While reading Wednesday’s Guardian — specifically, their story on the best 56 ways to stave off boredom during lockdown — one suggestion lit up the Strategist U.K Slack channel in particular. Among the recommendations (which included watching The West Wing, quilt-making, and getting into online poker) was a tip from writer and Young Vic artistic director Kwame Kwei-Armah, who told the paper about his portable, mini, infrared sauna. We were immediately intrigued — we have long documented the hunt for a serviceable home sauna — and knew we had to find out more.
Kwei-Armah wrote that while ‘this will not be attainable to everyone’, the model he bought, which ‘costs about £200’, has helped him avoid going stir-crazy. ‘It’s small enough to keep anywhere in your house, and you can fold it up. I stand in it, up to my neck, sweating at 65C for 30 minutes each night’.
My first step was to get in touch with Kwei-Armah via a publicist at the Young Vic, asking if he could shed any light on the model he used. She promised me she would look into the matter. Meanwhile, I also reached out to the Guardian’s Jenny Stevens, who edited the story, to see if Kwame let slip the model or brand during his interview. (Sadly, he did not. ‘It does sound amazing though, doesn’t it?’ Stevens said.)
A quick Google of ‘portable saunas’ brought up several options, including one by Firzone that, at £230, seemed to fit Kwei-Armah’s price range as well as ticking the ‘collapsible’ aspect and reaching the temperature he described, too. Within hours, Kwei-Armah’s publicist returned with an answer: His portable sauna of choice was indeed the Firzone option. In an email, Kwei-Armah said he first started researching portable saunas after an appointment at his osteopath. ‘They had the traditional, wooden saunas, which fit two people,’ he said. ‘And back when I lived in America, I used to visit the Korean spa on a weekly basis — I actually used to do script reading there. So I wondered, could I have something similar at home? What’s the smallest home sauna available?’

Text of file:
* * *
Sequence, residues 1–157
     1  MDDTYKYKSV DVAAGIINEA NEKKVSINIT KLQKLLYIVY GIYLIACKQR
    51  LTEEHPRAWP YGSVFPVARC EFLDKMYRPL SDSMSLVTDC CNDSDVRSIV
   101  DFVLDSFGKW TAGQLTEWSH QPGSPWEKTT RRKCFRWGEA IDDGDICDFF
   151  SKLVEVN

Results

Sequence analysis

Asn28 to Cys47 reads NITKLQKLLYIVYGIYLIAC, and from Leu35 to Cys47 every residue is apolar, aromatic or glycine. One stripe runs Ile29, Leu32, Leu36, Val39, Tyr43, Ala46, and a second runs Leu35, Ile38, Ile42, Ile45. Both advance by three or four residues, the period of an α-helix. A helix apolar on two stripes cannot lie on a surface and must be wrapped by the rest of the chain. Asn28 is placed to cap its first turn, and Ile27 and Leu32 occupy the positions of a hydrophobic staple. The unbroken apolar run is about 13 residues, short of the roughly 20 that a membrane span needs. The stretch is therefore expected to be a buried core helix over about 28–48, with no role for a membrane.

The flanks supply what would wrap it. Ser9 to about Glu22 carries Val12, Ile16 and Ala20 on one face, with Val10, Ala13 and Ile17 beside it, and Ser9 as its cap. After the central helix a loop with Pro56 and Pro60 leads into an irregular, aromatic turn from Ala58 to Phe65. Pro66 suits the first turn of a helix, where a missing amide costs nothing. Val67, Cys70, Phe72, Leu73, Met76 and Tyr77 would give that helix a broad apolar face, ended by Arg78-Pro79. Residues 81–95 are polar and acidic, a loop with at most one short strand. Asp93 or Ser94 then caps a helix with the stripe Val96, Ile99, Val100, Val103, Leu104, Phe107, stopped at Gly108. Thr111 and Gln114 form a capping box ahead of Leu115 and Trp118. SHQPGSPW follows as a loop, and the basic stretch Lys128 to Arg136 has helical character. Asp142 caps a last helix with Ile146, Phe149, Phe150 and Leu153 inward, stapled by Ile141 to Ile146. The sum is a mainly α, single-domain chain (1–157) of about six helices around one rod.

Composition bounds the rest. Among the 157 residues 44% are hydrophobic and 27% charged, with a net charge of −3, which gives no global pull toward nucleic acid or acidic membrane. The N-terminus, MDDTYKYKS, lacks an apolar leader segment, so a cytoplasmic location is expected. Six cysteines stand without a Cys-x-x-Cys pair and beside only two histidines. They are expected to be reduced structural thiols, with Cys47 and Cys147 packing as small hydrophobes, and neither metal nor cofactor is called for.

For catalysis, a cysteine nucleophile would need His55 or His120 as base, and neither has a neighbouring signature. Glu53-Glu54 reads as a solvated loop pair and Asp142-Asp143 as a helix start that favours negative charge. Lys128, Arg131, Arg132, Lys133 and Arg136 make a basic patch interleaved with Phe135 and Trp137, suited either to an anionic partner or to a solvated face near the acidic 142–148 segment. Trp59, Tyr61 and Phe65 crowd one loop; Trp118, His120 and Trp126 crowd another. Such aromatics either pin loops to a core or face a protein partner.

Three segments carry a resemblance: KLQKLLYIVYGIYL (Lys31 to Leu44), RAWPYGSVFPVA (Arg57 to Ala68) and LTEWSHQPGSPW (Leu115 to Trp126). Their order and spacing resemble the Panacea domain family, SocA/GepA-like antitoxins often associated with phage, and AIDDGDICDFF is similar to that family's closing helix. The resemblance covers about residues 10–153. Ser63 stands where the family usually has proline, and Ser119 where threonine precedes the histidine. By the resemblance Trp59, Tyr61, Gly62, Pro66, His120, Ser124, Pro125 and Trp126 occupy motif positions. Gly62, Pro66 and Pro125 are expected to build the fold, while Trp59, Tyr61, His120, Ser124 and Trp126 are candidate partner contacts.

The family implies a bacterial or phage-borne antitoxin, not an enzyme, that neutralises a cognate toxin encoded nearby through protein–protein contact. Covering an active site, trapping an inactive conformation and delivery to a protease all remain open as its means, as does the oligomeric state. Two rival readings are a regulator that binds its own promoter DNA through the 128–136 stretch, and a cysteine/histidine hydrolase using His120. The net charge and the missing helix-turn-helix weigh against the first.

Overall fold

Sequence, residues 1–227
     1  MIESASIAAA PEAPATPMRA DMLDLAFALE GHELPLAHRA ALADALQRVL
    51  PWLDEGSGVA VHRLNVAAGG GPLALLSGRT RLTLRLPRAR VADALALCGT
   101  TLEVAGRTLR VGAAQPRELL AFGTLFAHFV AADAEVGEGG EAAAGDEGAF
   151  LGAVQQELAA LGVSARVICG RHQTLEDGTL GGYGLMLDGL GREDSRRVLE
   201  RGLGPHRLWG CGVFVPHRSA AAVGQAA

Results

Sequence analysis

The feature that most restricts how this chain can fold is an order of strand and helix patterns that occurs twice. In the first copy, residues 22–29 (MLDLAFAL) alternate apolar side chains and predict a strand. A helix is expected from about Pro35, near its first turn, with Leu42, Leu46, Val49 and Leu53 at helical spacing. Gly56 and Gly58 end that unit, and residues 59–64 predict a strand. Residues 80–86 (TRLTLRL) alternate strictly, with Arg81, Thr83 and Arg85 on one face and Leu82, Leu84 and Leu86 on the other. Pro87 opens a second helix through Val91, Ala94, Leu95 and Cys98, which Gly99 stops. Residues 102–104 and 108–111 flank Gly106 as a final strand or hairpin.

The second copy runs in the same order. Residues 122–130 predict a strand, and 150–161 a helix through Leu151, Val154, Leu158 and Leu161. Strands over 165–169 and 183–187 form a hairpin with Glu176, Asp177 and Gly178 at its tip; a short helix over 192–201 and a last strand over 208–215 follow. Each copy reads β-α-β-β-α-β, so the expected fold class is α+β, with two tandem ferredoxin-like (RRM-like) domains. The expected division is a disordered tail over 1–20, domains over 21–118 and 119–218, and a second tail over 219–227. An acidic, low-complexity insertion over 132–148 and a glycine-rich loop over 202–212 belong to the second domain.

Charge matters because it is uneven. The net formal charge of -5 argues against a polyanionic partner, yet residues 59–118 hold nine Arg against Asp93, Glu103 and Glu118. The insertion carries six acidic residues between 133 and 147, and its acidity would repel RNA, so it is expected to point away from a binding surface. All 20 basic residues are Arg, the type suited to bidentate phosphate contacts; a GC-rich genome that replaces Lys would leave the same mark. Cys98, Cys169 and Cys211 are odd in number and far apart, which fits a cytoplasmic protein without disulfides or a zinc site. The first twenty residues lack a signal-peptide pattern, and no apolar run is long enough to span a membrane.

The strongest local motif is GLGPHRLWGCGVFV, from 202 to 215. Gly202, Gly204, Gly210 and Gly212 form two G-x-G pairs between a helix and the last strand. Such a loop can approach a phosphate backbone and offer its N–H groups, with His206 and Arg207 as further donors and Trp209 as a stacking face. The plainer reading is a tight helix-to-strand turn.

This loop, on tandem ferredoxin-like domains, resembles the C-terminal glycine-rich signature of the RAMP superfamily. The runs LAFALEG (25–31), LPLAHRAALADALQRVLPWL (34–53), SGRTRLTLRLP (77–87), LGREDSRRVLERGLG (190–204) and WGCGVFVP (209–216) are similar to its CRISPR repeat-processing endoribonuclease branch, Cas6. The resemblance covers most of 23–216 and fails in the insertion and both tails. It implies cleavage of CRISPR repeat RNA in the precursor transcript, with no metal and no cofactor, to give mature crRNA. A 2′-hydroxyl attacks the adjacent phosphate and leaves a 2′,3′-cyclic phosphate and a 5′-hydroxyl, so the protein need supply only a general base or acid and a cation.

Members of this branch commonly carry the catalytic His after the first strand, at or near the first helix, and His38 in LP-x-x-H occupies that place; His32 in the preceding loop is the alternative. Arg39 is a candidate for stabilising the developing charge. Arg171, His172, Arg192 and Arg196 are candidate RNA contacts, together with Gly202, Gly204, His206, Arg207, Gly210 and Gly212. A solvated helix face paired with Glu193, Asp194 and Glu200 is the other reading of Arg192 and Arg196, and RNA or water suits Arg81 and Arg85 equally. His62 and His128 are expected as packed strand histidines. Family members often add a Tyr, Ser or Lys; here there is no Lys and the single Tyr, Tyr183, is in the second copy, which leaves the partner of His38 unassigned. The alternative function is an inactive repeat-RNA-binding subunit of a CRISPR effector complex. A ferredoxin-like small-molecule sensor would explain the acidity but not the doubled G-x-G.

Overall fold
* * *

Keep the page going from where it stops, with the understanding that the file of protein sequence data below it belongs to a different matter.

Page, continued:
He found Firzone after a quick search and bought it ‘immediately’. ‘I keep mine in my office, and honestly, it sounds ridiculous, but it is magnificently therapeutic,’ he said. ‘I use it every single night, and it makes me terribly happy. But more importantly, I believe it unlocks an extra hour of work in me. I sauna, and then, after a brief dip in energy, I find I have the energy for another hour of work.”
According to their website, Firzone is a company based in Cheshire which specialises in infrared heating accessories (the name comes from FIR, an acronym for far infrared ray or far infrared radiation). Firzone say infrared rays heat objects rather than the air between objects, meaning sweating can occur at lower air temperatures compared to other kinds of sauna appliances (such as steam). This also means they avoid creating damp or humid environments — meaning these can safely be used indoors.
Incidentally, during our original sleuthing, we learned the Firzone portable sauna had also been featured in an episode of ITV’s Hard to Please OAPs in April 2019. The show sees older celebrities road test various gadgets to see if they improve their day-to-day lives. The sauna was tested at home by John Sergeant, a former BBC chief political correspondent who has hosted shows like Best British Canals. Although he found the Firzone cumbersome to get out the box, he admitted that “it is one of the best saunas I’ve ever had”.
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